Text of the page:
Lt. William G. Sylvester of Kern County was one of America's first casualties of World War II, at Pearl Harbor.

The county also was home to one of the original Tuskegee airmen, Lt. Charles M. Bussey. And 2nd Lt. William L. Birch of Bakersfield volunteered to act as a bombardier onboard one of the famed Doolittle Raiders in their raid on Tokyo in spring of 1942.

They are just some of the many men and women who helped the United States and its allies prevail in World War II, both overseas and at home.

After the shock of the attack on Pearl Harbor Dec. 7, 1941, the next casualties of World War II took place on the home front.

The Japanese-American evacuation to internment camps in the spring of 1942 was a traumatic, wrenching experience for Kern County. Shafter High School lost nearly one-third of its student body, and Kern County High School lost nearly 40 students.

Yet there was graciousness in a statement by George Ogata of the Bakersfield Citizen League on May 23, 1942, expressing the sentiment of the nearly 1,000 people of Japanese ancestry in Kern who moved to the internment camps in Poston, Ariz.

"We are willing to sacrifice our all to insure the complete and ultimate victory of freedom's forces over those of greed, hate and tyranny," he said. "Therefore, the members of the Bakersfield Citizen League resolve by unanimous action to voluntarily evacuate to Parker Dam, Arizona for the duration of this war.

"We are not leaving Bakersfield sadly but with a vision of a promise for a happy future. In other words, this evacuation is full-fledged cooperative on our part to insure and support the state and federal government in their efforts to preserve law and order."

To illustrate the urgency of military production, Kern County had a shipyard in east Bakersfield. Assembly of ship sections for the famous Henry J. Kaiser shipyard in Richmond, Calif., took place in east Bakersfield between the Southern Pacific tracks and Kentucky Street and the ship sections were sent north via railroad cars

The Vega sub-assembly aircraft plant opened in Bakersfield and Taft to build parts for Boeing B-17s.

"Vega officials asserted that through the work on the sub-assemblies of the works done at the Bakersfield, Taft and Fresno plants, production of the B-17 has increased 100 percent in a few weeks," The Californian reported on Oct. 6, 1943.

Kern County's arid and clear weather invited the Army to establish and expand training airports at Minter Field outside of Shafter, Meadows Field in Bakersfield, Gardner Field in Taft and Muroc Army Air Base (currently Edwards Air Force Base) east of Rosamond.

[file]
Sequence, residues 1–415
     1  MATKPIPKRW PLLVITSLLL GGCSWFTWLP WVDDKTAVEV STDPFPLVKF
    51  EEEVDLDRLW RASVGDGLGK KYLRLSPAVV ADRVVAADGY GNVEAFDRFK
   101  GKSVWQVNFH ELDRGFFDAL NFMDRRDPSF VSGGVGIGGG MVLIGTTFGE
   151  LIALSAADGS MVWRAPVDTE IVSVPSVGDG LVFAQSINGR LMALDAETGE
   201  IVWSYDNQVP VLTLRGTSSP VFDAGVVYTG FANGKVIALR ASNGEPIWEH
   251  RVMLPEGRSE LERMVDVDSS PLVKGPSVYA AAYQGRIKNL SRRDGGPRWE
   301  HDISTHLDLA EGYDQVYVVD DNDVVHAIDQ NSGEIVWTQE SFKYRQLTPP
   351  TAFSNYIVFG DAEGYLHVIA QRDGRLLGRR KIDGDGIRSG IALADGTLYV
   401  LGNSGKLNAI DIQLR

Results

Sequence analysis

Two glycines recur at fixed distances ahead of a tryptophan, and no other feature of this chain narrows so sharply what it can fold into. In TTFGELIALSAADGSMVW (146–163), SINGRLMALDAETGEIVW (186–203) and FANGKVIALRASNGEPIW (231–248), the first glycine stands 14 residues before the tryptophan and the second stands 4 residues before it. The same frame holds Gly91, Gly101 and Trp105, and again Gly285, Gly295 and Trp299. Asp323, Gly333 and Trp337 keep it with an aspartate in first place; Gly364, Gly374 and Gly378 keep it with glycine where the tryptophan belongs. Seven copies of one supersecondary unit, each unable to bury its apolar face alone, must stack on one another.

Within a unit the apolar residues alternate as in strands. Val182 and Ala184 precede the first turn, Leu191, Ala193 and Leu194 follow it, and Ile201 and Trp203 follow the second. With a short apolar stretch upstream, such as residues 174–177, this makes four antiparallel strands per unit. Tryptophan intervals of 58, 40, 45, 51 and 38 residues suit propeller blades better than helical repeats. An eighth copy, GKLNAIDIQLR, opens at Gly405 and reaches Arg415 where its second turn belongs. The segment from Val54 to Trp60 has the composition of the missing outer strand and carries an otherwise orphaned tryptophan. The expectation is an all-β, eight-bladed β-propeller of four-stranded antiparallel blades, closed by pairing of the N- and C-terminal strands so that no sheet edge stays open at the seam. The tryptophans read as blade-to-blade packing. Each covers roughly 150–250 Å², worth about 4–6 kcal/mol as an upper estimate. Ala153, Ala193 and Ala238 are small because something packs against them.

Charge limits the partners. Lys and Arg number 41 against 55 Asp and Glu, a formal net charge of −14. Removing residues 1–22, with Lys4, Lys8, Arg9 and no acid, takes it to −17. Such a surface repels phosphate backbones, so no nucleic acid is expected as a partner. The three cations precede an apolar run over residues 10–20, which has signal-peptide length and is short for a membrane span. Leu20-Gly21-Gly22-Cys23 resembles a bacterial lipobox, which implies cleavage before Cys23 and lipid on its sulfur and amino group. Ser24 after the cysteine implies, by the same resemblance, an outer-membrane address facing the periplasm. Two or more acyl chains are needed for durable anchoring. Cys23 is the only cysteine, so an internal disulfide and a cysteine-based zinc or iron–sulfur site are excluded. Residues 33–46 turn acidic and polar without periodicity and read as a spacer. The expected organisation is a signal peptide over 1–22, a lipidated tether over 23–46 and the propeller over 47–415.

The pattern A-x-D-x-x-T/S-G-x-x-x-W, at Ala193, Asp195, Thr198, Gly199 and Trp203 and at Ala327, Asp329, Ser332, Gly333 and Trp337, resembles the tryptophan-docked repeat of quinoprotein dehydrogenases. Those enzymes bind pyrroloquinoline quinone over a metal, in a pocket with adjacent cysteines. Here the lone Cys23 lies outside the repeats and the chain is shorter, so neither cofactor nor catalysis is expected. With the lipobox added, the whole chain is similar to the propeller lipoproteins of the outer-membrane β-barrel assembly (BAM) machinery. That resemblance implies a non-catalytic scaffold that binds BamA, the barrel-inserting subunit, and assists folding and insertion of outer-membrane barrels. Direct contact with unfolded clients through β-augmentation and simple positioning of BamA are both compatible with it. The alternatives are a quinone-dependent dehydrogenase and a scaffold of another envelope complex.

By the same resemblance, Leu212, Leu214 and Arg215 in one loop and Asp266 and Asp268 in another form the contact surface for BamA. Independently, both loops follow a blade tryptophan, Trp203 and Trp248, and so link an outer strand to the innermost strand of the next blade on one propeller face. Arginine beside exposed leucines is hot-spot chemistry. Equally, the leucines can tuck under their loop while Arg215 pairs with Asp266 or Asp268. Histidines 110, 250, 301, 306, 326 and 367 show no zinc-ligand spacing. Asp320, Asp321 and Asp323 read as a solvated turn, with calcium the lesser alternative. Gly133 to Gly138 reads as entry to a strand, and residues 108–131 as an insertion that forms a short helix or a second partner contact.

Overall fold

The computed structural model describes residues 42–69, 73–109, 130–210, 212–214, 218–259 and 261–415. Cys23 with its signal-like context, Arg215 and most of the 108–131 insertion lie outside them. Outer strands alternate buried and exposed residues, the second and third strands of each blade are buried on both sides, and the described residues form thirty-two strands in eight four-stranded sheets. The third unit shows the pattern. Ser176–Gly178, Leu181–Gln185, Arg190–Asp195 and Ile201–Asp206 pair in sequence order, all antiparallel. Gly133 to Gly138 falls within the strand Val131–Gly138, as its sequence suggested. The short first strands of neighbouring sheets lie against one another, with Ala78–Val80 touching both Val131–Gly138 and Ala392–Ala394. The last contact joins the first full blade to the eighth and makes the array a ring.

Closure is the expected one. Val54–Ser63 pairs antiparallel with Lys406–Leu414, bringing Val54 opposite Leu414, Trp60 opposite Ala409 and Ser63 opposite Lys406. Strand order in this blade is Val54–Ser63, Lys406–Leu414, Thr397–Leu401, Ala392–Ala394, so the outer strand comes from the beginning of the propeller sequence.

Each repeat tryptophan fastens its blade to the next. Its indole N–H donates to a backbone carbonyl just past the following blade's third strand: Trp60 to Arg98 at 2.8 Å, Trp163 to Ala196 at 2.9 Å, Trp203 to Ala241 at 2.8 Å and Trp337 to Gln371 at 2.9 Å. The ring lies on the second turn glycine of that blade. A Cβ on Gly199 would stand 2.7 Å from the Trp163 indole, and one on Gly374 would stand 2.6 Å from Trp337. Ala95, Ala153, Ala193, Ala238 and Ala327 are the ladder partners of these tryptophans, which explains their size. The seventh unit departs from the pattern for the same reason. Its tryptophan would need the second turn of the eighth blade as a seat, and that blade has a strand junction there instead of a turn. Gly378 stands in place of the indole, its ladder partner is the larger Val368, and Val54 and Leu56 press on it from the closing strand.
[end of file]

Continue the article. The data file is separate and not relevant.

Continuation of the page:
The Marine Corps took a pre-existing Kern County airport in Mojave, used to service the gold and silver mines of the Mojave Desert, and created the Marine Corps Auxiliary Air Station Mojave.

By the spring of 1943, the days of mild encouragement to grow a victory garden were over. Under the guidance of Howard K. Dickinson, director of the Food-for-Victory program in Kern County, the young men and women of the Future Farmers of America, 4-H Clubs, YWCA Girls Reserves, Camp Fire Girls and the Boy Scouts were used in a door-to-door outreach campaign in every community of Kern County.

Nothing was left to chance as amateur gardeners were organized by block leaders answering to the Kern County Defense Council and the Bakersfield War Council. People were also encouraged to begin raising chickens and rabbits to offset the increasingly tight rationing of meat. The message was clear: helping on the home front will win the war.

During World War II, 10,881 individual soldiers enlisted in the U.S. Army from Kern County. The records from the National Archives detail the state and nation of birth for men joining the Army from Kern County. Those with the highest totals were:

1. Mexico: 172

2. Canada: 70

3. China: 44

4. Italy: 13

5. Great Britain: 12

The top states of birth of those joining the Army were:

1. California: 2,902

2. Oklahoma: 2,209

3. Texas: 1,050

4. Missouri: 570

5. Arkansas: 483

The high numbers from the Midwest represent the impact of the Dust Bowl in the 1930s on Kern County. As in World War I, the Kern Veterans Memorial Wall of Valor also includes men from Kern County who died in the Canadian and British armies and the British Royal Air Force.

By the time the surrender of Japan was formerly signed on Sept. 2, 1945, 683 men and one woman from Kern County would be killed in action or killed in support of combat operations in World War II.

Ken Hooper is president of the Kern County Historical Society, historian for the Kern Veterans Memorial Foundation, and a U.S. history and archiving teacher at Bakersfield High School.

This first appeared in a Californian special publication, "The story of us," Aug. 6, 2016.

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